When I went to brew two Saturdays ago, my yeast pack was all raring to go. I had punctured the sugary packet inside the yeast solution a few days previously and it was fuller than junior’s bladder on a cross-country car ride after drinking a 48 ounce soda. Giving the yeast a head start helps it hit the wort running. I hope to bottle the Belgian Wit to be today (if the gravity is OK…not having the right gravity can explode the bottles). So, respect and don’t trifle with the yeast. It is powerful stuff.
After concluding my 40/40 Beer Tour last summer, which was like an extended research field trip on good beer, I was itching to try and brew some of my own. Chances are of the people who will ever read this blog are already brewing their own beer…and a good deal of them know more than I do. Me brewing three times from a kit no more makes me an expert than a dude who makes three cakes from a Betty Crocker Cake Mix is a craft-like cake maker.
For those who have brewed before know that homebrewing is hardly rocket science..and for those who have not, be assured that if you can read and follow directions, you too can brew. And, you will probably make a decent beer, a good beer, as long as you abide by the parameters of the process. The difference between making a good beer and a great beer, that last 20%, is quite a challenge. And that is why the heavy players in craft brewing like Troeg’s and Victory can charge what they do for a case. They have the know-how, the ingredients, and the equipment, to brew at a high level. You can approximate their craft beer quality, but in the end experience, ingredients, and equipment matter.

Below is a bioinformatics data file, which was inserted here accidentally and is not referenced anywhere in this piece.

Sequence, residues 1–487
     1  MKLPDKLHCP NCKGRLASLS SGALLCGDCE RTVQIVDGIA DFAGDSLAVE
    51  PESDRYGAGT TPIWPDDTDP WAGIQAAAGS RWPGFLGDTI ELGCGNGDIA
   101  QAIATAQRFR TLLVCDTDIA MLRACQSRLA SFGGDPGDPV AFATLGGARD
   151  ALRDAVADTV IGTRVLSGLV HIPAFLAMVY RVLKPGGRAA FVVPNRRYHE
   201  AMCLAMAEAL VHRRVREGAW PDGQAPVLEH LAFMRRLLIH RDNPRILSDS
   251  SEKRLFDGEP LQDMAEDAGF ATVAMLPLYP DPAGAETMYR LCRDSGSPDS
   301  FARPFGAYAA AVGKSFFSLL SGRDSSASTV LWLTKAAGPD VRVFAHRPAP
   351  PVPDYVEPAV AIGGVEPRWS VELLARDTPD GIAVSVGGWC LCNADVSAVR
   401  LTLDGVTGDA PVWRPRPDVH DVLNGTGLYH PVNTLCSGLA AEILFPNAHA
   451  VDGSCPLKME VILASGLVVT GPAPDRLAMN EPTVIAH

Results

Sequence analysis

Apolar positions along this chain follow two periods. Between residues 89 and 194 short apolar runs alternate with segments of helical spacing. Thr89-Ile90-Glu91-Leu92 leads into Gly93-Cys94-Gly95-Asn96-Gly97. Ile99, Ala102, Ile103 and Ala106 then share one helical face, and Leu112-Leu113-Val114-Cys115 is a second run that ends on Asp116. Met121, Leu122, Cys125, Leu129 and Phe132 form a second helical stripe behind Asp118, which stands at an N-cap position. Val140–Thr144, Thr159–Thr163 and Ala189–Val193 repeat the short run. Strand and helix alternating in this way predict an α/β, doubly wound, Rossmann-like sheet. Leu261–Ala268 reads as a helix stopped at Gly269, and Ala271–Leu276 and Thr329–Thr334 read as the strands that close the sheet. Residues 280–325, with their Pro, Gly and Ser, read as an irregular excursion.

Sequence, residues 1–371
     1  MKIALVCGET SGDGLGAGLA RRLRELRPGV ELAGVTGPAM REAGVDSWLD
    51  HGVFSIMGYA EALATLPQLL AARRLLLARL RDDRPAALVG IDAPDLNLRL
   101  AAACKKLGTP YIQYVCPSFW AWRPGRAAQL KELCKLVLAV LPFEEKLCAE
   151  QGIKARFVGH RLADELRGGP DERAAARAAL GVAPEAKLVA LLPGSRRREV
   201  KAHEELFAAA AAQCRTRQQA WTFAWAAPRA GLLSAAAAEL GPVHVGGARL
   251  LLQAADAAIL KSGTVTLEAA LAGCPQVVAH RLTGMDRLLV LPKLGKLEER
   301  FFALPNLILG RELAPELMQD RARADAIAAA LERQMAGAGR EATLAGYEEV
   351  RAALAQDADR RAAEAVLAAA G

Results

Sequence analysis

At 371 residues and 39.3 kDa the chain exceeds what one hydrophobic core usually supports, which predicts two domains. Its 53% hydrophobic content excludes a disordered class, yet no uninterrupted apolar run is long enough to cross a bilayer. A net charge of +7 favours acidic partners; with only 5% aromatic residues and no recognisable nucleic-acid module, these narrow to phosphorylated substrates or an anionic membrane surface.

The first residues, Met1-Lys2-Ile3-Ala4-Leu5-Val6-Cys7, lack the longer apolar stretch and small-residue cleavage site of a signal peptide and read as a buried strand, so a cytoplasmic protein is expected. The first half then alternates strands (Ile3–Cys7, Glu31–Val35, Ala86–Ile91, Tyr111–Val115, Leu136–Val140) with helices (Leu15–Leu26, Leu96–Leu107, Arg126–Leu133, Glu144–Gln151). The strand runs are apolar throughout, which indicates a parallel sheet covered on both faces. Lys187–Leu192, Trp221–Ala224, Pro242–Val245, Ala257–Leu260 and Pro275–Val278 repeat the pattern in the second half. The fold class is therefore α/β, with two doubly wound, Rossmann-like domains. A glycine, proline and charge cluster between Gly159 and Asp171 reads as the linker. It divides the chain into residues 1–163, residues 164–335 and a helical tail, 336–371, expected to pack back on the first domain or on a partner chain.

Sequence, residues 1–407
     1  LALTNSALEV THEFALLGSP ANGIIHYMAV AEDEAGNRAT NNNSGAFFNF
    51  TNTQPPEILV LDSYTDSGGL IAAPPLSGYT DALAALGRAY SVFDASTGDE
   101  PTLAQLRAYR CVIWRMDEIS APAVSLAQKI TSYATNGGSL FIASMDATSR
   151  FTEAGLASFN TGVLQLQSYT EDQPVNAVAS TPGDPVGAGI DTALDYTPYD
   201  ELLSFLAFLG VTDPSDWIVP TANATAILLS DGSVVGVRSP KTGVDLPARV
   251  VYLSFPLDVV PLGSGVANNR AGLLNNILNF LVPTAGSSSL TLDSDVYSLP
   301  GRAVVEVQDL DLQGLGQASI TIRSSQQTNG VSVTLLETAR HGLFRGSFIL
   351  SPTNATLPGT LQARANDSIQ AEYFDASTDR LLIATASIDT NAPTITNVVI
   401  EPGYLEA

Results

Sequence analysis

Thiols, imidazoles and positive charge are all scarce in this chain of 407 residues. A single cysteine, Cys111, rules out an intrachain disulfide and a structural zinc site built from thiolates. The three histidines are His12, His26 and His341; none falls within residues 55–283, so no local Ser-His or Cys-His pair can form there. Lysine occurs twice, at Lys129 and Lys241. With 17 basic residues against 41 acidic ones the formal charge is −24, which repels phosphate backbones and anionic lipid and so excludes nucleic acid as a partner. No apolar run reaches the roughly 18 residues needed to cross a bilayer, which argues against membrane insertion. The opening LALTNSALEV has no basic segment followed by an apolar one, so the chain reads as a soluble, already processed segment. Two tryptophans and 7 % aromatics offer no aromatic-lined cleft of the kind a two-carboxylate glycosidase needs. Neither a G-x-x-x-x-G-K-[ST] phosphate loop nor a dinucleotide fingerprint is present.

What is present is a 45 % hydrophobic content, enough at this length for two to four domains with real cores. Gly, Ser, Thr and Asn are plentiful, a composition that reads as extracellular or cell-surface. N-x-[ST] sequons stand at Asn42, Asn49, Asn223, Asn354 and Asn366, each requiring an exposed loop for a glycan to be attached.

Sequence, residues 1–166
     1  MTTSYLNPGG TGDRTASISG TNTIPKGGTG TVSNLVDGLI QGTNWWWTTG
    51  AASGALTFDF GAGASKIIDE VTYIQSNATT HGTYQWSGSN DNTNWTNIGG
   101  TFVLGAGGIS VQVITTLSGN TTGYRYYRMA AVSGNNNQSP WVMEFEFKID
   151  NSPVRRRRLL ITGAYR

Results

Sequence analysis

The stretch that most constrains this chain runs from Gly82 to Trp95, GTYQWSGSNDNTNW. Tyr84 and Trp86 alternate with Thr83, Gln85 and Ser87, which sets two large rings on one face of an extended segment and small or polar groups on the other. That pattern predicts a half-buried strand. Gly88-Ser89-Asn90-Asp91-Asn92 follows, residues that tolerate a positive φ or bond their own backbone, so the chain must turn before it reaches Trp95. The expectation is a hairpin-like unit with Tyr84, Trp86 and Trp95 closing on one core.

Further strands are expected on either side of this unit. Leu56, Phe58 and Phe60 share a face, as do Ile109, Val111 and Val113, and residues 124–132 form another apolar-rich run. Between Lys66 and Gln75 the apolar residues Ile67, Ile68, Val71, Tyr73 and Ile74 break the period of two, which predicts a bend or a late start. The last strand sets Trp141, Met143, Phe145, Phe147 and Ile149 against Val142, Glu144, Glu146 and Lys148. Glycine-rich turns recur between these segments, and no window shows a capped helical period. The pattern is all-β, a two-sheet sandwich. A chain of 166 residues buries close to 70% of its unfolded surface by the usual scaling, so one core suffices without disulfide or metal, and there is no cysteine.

The photograph above is a picture of the components of the Belgian Wit kit from Williams Brewing. It is not like I have worked with many other homebrewing supplies companies, so I again am no expert. However, I have found this company to by prompt and professional in both their service and their product.